Few chronic kidney disease patients at risk from end-stage disease
The results of research led by academics at The University of Nottingham will be a cause for optimism among patients suffering from chronic kidney disease (CKD).
The five-year study, published this week in PLOS Medicine, revealed that the vast majority of CKD sufferers have a benign disease with little risk of progression and complications.
The research, which followed the fortunes of 1,700 patients, was led by Dr Adam Shardlow and colleagues in the University's School of Medicine based at the Royal Derby Hospital.
Dr Shardlow said: "These results will help clinicians explain the likely outcomes of chronic kidney disease to patients diagnosed with CKD in the community. In contrast to common ideas about CKD, we have shown the majority people in our cohort were stable over the five-year follow-up period, with a significant minority demonstrating improvement.
"Those with a high risk of progression can be identified using simple measures and referred early to specialist services."
CKD affects 10 to 20 per cent of adults in most countries and can progress to end-stage kidney disease, requiring dialysis or kidney transplantation. Previous studies on the progression of the disease have been conducted in large teaching hospitals by kidney specialists, where the most complicated and severe cases are generally referred, despite the fact that most CKD patients have a mild disease and are seen only by primary care doctors.
To understand the course of disease in the larger patient population seen by primary care, Dr Shardlow and colleagues recruited 1,741 patients with stage 3 CKD – a mild form of the disease – from 32 primary care practices in Derbyshire. They used the standard Kidney Disease Improving Global Outcomes (KDIGO) criteria to gauge the status of each person's disease at baseline, one year later, and five years later.
After five years, 247 patients (14.2 per cent) had died, mostly of cardiovascular causes; four patients (0.2 per cent) had progressed to end-stage; 308 others (17.7 per cent) had progressed to a lesser extent; 593 (34.1 per cent) still had stable, stage 3 CKD; and 336 (19.3 per cent) met the criteria for complete remission of CKD.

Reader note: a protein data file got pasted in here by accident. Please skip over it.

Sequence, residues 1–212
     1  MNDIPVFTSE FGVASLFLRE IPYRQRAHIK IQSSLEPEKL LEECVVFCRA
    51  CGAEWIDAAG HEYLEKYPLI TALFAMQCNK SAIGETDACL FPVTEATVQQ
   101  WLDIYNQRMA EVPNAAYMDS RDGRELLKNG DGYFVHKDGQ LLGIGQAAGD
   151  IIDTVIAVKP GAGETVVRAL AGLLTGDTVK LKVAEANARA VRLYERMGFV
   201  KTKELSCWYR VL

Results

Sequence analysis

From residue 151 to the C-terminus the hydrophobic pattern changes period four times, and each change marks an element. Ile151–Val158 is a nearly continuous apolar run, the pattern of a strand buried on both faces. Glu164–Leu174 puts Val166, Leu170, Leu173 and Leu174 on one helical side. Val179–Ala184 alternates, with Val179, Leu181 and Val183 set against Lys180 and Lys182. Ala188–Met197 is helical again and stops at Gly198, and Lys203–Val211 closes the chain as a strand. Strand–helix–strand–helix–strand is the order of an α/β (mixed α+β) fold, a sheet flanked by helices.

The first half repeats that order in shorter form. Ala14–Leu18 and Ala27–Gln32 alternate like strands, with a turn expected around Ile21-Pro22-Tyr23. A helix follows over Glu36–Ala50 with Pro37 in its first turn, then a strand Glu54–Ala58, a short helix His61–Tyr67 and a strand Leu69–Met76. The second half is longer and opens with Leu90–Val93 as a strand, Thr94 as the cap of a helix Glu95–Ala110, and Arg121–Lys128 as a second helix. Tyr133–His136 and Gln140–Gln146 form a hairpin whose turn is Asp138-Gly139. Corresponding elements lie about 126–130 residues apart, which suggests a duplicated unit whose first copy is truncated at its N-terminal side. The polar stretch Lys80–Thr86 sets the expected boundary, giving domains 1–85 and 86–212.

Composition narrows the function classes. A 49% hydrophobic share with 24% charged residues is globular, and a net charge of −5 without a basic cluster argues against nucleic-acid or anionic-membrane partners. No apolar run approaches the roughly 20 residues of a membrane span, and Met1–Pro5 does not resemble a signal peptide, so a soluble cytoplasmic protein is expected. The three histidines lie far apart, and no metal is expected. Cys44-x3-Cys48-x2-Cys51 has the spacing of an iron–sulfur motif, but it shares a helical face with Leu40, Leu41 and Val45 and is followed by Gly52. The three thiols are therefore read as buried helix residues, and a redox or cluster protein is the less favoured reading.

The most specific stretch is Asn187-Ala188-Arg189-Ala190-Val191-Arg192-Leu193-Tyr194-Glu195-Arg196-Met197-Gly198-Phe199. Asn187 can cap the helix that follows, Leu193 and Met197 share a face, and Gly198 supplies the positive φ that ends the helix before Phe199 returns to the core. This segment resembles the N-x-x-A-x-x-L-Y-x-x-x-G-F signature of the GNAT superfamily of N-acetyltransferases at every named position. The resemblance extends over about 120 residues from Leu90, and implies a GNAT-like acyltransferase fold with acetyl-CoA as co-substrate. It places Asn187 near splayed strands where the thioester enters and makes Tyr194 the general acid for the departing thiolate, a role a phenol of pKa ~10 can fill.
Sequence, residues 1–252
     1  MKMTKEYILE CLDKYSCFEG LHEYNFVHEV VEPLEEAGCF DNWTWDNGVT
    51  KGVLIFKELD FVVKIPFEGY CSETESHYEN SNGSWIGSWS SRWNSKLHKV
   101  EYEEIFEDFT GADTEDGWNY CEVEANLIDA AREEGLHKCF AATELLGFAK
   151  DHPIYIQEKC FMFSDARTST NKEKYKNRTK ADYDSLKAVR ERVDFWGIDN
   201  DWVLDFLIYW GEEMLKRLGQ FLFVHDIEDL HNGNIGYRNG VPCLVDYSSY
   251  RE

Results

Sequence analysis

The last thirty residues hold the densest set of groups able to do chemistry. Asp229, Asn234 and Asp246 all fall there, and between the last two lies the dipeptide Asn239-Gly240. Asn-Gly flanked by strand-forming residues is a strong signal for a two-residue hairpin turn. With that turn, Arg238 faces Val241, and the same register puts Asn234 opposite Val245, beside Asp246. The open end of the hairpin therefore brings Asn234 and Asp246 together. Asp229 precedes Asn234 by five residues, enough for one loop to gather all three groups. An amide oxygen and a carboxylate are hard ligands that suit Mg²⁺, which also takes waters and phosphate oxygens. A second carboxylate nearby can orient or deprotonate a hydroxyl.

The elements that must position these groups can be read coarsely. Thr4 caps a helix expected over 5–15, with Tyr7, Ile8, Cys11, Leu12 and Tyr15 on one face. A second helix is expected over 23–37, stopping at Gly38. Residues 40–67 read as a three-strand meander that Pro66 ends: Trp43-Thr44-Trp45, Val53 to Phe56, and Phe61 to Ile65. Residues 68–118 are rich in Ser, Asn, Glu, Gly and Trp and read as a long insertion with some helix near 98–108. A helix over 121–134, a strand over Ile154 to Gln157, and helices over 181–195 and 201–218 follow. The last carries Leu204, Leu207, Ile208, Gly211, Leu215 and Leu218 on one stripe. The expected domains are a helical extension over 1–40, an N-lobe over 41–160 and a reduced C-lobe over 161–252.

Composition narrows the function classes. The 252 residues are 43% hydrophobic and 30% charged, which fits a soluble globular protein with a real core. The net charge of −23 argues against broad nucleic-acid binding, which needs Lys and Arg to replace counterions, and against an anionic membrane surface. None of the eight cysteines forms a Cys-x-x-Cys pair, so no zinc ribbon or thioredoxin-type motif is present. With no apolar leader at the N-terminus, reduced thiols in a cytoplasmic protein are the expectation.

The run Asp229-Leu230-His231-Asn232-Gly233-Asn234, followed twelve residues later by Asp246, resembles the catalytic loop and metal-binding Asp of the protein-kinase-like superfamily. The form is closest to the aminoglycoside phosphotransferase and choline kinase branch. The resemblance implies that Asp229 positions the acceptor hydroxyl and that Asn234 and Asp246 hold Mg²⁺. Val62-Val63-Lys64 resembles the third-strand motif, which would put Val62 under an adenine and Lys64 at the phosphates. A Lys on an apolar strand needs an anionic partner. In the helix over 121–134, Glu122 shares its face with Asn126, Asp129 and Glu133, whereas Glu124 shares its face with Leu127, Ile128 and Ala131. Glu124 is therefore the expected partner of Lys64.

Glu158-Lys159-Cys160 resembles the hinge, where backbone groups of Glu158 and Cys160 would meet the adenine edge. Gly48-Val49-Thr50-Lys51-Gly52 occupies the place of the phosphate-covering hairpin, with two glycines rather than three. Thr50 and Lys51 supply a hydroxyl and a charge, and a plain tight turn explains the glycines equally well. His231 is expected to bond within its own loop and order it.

The results also indicated that a handful of factors – included estimated glomerular filtration rate and albuminuria – were associated with CKD progression or remission. The statistics on how patients progress may not be applicable to all populations since the study population was predominantly elderly and white. But in light of the new analysis, 'management of CKD in primary care should focus principally on identifying the minority of people at high risk of adverse outcomes,' the authors say.
Chief Investigator Professor Maarten Taal added: "Our study will be very reassuring for people with chronic kidney disease because most worry that they will need dialysis but out results show that only a very small minority ever reach this stage.
"This study illustrates the value of well-designed prospective observational studies. Randomised trials are the best method for testing the efficacy of new treatments but high quality observational studies are essential to improve our knowledge of the natural history and pathogenesis of diseases."
In an accompanying editorial, Guiseppe Remuzzi and Richard Glassock discuss the evolution of classification and diagnosis of CKD and the challenges of pinpointing surveillance factors that can predict which patients are at risk of their CKD progressing. The new study, they say, 'identifies factors, easily obtained and possibly modifiable, that should heighten surveillance for the minority of subjects with CSK Stage 3 who are at risk for progression.'
The article can be accessed via the PLOS Medicine website.